School Lunch Shaming | TBRS
New Mexico Law Bans Schools From ‘Lunch Shaming’ Hungry Kids
New Mexico is the first state in the United States to make it expressly illegal to single out or humiliate a child who cannot pay for his or her lunch at school. The bill is aimed at ending the practice of “Lunch shaming.” It also outlines procedures for schools to collect debts and helps families in signing up for federal free or reduced-price meal assistance. Advocates for children say tactics that stigmatize students with lunch debts are disturbingly common. This includes throwing kids’ lunches away if they can’t pay; making students clean the cafeteria; or requiring that they wear stickers, stamps or wrist bands that indicate they can’t pay. “Children whose parents or caregivers owe money for school lunch will no longer have to miss meals or face public embarrassment in front of their peers,” Jennifer Ramo of New Mexico Appleseed, a group that works to fight poverty, said in a March statement supporting the bill. “No child should be forced to wipe down cafeteria tables or throw away a meal because of a debt.” In Albuquerque, New Mexico, a policy to give kids without lunch money cold cheese sandwiches and fruit partially backfired as some families began to see the sandwiches as punishment for being poor. Families whose received such a meal included those who were in the process of applying for free or reduced-price federal lunch assistance, The Denver Post reported in 2009. The Times points out that schools feel pressure to collect debts – which can run up to millions of dollars in some districts – because schools can’t use federal funds to offset the costs, meaning they have to find the money elsewhere. Even without added stigma, some students already feel ashamed of being hungry. Oregon teacher Gibson Howton, whose Facebook post about providing snacks to her students went viral last month, said that’s why she freely offers food to kids in her classroom. “Feeling hungry feels scary,” she told HuffPost in March.
Schools forced to address ‘lunch shaming’
Re said the alleged incident constituted “Lunch shaming,” a common practice by which schools single out students who can’t pay for lunch. A study by the Food and Nutrition Service with the U.S. Department of Agriculture found that, in the 2010-11 school year, 58 percent of schools surveyed incurred student meal debt. Now schools are facing a federal deadline to take action against lunch shaming. By July 1, all schools participating in the federal meals programs – which include more than 100,000 public and private schools – are required by the USDA to have written policies to inform parents of procedures regarding meal debt. Kirkwood as a school district also waits until three meals are charged before providing alternative meals, but spokeswoman Ginger Cayce said many schools chose to continue providing regular meals. Most Rockwood schools do not mention meal debt in their parent or student handbooks. The USDA and local school food officials offer a number of ways schools can collect meal debt while avoiding the stigmatization and embarrassment of students. The USDA emphasizes that schools should adopt policies “That will not negatively impact the children involved, but instead focus on the adults responsible for providing funds for meal purchases.” Some schools use alternative funding sources to resolve student meal debt. Parkway schools use money from parent teacher organizations and school emergency funds to pay off meal debt, spokeswoman Cathy Kelly said. Some high-poverty St. Louis-area schools evade the lunch shaming issue altogether by providing free lunch for all students through the federal Community Eligibility Provision. All students at those schools – including ones in St. Louis , University City, Riverview Gardens, Normandy and other regional districts, as well as some charter and private schools – receive a lunch, regardless of their parents’ financial situation.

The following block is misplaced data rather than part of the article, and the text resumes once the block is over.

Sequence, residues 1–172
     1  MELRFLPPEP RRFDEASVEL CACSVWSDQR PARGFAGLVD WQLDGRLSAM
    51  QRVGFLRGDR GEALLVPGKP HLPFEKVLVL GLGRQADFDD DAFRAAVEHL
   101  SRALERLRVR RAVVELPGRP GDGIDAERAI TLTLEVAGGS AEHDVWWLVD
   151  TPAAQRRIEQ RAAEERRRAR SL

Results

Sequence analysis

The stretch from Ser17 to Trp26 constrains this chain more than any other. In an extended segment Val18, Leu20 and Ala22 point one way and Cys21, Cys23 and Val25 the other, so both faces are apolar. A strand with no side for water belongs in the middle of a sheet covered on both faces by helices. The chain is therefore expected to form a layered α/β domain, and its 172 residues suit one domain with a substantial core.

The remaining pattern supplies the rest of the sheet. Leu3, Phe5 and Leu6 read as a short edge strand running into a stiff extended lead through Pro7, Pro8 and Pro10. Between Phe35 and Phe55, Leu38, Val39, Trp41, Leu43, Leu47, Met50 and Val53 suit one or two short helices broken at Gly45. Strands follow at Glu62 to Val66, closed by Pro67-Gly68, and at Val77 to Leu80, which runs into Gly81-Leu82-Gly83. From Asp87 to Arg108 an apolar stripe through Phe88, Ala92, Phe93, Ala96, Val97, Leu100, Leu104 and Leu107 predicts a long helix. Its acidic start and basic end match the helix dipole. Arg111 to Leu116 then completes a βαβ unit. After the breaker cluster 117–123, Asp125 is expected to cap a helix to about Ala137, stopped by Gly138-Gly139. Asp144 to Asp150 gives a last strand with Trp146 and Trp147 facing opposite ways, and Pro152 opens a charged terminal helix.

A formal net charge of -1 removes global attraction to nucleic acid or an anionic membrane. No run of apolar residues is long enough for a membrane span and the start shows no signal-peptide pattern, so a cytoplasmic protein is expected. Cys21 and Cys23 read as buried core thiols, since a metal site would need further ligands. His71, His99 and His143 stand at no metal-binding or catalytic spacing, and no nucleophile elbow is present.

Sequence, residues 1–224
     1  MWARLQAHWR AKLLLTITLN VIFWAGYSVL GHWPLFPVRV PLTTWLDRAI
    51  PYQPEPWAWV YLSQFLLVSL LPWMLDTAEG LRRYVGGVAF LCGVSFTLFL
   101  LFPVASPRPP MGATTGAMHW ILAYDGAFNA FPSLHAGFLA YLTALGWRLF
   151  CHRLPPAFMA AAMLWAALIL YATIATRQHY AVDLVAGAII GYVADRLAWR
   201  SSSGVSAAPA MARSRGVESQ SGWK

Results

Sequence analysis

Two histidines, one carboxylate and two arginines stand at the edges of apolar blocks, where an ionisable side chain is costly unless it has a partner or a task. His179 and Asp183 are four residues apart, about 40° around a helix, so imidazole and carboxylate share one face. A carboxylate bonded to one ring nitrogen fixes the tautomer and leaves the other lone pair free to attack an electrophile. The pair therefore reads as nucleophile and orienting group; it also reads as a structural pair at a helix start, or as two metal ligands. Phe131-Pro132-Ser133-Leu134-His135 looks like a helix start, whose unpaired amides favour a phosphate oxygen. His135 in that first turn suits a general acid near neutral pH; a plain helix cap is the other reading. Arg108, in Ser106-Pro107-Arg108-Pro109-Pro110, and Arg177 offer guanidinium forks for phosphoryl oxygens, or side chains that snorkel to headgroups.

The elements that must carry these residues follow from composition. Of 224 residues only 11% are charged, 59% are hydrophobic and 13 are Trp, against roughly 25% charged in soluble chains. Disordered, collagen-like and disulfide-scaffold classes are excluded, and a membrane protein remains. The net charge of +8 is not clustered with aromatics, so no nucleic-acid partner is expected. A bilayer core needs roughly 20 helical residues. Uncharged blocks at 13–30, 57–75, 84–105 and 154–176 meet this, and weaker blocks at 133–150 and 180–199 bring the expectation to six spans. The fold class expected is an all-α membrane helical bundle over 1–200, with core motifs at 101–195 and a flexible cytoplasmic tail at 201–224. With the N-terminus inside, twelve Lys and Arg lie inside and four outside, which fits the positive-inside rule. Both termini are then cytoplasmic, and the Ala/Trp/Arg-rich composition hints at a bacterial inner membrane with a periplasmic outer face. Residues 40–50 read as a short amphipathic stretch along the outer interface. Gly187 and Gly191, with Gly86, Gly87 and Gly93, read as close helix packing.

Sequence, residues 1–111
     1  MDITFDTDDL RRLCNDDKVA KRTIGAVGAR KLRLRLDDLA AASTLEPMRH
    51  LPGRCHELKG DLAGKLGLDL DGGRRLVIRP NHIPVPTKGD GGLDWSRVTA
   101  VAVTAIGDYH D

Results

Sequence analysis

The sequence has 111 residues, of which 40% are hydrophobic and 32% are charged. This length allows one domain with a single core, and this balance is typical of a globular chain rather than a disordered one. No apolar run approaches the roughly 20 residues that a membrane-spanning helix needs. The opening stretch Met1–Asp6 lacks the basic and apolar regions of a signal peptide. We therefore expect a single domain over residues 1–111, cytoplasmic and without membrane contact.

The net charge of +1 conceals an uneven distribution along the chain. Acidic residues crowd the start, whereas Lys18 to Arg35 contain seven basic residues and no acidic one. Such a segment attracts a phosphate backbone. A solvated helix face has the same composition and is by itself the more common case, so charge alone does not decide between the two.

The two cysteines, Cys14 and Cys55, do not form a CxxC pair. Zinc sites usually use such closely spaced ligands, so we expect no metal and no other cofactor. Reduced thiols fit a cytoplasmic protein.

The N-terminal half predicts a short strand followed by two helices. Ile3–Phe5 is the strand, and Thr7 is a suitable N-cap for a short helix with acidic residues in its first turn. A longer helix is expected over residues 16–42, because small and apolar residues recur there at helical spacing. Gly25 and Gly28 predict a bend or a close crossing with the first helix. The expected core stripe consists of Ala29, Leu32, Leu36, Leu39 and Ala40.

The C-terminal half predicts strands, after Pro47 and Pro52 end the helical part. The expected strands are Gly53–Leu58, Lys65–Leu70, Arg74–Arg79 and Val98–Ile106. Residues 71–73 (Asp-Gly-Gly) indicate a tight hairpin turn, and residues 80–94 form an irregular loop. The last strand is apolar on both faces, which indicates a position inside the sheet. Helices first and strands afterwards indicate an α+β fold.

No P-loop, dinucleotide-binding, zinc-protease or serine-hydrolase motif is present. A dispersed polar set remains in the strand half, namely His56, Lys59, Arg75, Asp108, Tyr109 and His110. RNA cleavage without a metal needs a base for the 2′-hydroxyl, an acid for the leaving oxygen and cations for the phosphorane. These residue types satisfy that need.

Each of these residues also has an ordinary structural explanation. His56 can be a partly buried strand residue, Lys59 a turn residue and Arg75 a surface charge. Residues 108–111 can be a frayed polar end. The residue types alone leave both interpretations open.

Washington State Says “No” to Lunch Shaming in Schools
This bill was passed in response to reports that WA State students were singled out if their parent or guardian had fallen behind on paying the student’s meal bill. Known as “Lunch shaming,” the practice ranges from putting a wrist band or stamp on the child’s hand, to throwing away the hot meal that the child has been served and either replacing it with a cold meal, or in some cases not providing a meal at all. In a press release, Rep. Strom Peterson who sponsored the bill said, “Children should not go hungry or be humiliated because they cannot afford lunch that day This new law will help ensure that our school districts are not stigmatizing kids and that our state’s students are getting the nutrition they need to succeed in school.” Under this new bill, school districts must notify parents of a negative lunch balance within 10 days. Students can carry a note or letter to their parents, but any communication regarding delinquent funds cannot be directed to the student. As another requirement of the bill, schools must ensure that students and families are connected to available free and reduced priced lunch programs. Schools must now “Exhaust all options to directly certify the student for free or reduced-price meals.” Lunch shaming is a nation-wide issue, and many states are passing similar bills to prevent it. At the federal level, changes have been proposed to the 2019 House Appropriations Bill that would protect children from lunch shaming and leave them out of payment discussions entirely. Luckily for WSIPC school districts, our Purchasing Partner e-Funds for Schools provides a solution that empowers schools to reach out to parents without burdening children. E-Funds for Schools allows parents to choose to be notified whenever their student’s lunch balance reaches a low lunch balances, and to re-load the student’s balance in real-time via a mobile device or desktop.